THE ANCHOR-Diocese of Fall River-Fri., Aug. 17, 1990



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ST. ANNE de Beaupre Basilica. the commercial aspect aside," he said. What the visitor gets out of the experience "d,epends on the person's disposition and reasons for going," said Masse. "The shrines ,offer whatever you want to get out of them." A sense of wonder and spirituality will always remain for those who seek it: Said Father Lafreniere, "Human beings have a thirst for meaning in life. A place like'this helps strengthen their faith,".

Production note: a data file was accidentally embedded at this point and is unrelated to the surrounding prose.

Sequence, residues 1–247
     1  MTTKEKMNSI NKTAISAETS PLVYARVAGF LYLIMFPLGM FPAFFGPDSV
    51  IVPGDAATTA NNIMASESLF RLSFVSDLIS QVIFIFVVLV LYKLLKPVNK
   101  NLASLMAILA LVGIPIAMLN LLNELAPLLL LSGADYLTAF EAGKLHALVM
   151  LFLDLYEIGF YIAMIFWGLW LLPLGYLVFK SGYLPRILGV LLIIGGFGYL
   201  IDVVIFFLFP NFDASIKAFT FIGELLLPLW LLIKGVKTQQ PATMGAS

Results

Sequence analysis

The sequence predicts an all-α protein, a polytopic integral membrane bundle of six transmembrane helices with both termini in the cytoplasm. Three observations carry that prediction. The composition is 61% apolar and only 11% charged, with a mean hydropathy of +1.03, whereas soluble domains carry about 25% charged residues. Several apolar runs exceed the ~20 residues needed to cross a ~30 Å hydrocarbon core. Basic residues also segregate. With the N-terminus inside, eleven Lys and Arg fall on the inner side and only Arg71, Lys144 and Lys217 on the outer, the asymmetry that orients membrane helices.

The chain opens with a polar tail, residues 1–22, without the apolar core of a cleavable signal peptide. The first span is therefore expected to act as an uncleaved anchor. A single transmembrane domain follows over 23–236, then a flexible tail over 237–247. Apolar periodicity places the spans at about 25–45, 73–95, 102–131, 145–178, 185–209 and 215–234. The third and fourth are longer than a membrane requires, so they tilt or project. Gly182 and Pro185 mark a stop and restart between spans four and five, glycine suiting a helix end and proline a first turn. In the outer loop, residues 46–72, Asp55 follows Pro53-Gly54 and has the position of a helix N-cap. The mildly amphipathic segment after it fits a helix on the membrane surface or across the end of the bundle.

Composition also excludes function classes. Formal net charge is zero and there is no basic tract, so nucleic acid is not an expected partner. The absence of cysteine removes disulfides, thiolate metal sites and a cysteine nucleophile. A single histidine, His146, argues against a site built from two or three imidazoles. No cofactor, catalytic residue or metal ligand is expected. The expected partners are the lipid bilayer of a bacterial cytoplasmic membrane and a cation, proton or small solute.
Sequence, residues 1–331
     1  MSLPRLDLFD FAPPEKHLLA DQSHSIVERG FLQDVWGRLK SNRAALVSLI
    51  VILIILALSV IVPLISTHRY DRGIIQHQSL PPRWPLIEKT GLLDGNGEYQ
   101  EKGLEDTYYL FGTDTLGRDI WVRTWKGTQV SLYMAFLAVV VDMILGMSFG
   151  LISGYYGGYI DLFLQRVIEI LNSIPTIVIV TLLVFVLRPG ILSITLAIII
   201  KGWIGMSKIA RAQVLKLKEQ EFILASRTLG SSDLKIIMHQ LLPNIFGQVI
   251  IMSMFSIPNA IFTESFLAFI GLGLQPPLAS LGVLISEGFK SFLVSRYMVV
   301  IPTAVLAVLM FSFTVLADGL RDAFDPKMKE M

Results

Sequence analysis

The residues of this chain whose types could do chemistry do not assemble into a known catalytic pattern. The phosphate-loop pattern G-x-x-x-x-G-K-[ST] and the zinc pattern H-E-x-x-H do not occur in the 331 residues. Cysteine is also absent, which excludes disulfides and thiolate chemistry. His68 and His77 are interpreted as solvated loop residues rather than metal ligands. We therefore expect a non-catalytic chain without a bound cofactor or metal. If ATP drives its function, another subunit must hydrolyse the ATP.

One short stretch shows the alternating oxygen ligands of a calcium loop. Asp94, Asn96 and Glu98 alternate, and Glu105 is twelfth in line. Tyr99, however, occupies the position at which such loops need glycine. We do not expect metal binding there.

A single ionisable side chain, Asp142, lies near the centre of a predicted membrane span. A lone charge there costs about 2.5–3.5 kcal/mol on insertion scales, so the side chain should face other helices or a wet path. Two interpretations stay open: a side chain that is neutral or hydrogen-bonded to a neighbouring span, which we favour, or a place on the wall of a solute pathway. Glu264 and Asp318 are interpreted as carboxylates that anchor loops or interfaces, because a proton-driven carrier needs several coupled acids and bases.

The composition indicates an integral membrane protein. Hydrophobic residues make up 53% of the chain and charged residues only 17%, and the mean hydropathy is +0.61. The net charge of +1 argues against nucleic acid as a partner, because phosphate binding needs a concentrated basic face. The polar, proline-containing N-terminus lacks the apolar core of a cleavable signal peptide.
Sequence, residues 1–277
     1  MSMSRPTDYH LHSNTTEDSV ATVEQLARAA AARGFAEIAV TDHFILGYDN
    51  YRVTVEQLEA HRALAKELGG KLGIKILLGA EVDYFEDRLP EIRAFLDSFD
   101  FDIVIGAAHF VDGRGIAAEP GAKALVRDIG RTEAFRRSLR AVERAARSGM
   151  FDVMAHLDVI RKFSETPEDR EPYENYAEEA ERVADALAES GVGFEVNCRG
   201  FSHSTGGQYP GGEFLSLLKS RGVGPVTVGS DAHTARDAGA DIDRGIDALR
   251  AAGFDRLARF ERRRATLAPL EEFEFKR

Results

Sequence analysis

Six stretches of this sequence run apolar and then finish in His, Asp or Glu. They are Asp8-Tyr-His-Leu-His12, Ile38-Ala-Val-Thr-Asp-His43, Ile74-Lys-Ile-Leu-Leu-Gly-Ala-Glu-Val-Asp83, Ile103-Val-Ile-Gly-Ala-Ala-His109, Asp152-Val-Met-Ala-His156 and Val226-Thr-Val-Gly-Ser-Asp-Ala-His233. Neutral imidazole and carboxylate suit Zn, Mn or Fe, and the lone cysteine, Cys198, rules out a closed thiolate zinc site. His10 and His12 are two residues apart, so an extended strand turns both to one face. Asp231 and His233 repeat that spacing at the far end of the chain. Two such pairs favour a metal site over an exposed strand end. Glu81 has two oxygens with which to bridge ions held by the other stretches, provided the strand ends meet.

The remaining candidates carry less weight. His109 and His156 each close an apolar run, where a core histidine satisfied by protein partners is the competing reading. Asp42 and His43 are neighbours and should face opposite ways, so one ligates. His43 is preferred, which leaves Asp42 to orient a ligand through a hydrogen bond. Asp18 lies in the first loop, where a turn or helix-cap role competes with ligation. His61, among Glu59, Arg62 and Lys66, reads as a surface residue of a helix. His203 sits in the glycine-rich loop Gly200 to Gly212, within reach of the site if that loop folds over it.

Spiritual ~agnetism "A shrine is a work of art, and each has its own special-radiance," a State University-of New York profess'orrecently· told a meeting Hist.oric Extras ofU.S: shrine directors. A true shrine, In addition to tlie three shrines, he said, should have ~'spiritual Quebec offers numerous other sites magnetism." , of interest to religious pilgrims The "magnetism" of the Quebec and those interested in the rich hisshrines lies in their cultivation of tory of this unique province. active ministry, a present-day link Quebec takes great pride in its to the devotion on which each was o'ther historic churches, many of founded. Each offers a unique set- which have been designated offiting for healing and reconciliation, cial monuments by the provincial gov~ for respite and renewal. ernment. Father Claude Turmel, For Lucienne Dionne, the shrines an historian for the archdiocese of embody that faith, so much a part Montreal, noted that the Quebec of the lives of the first settlers of government provides workers for New France, which was carried to church renovation projects, To the United States by their des- date about 150 churches have benecendants. ' fited from the program, which Unable to speak English and recognizes the historic churches as faced with maintaining cultural an integral part of the province's integrity, "They came with a love heritage. Great care is taken to reof religion because that's what held them together," she said. "What has stayed with me from my pilgrimages are beautiful memories of people so devout...I think that at LaSalette shrine [Attleboro) they've held onto a lot of that, keeping the depth of faith alive. Our strength is that God-given faith inculcated in the churches and schools and nurtured in the homes." For that reason, "I'm glad I got to go" to the Quebec shrines "when I was young," she said, "because the faith really makes an impression on you," Clearly the shrines benefit from their dual appeal as spiritual centers and tourist attractions, Their "size and immensity" appeal to the casual tourist, Roland Masse pointed out. "It's a spectacle. It's a place that's awe-inspiring. They want to see a beautiful building." But people who go for religious reasons "go-there to pray. It's a ' matter of faith, lt's an internal THE MIRACULOUS statexperience rather·than showmanship. You have to be abfe'to put ue at Notre-Dame-du-Cap.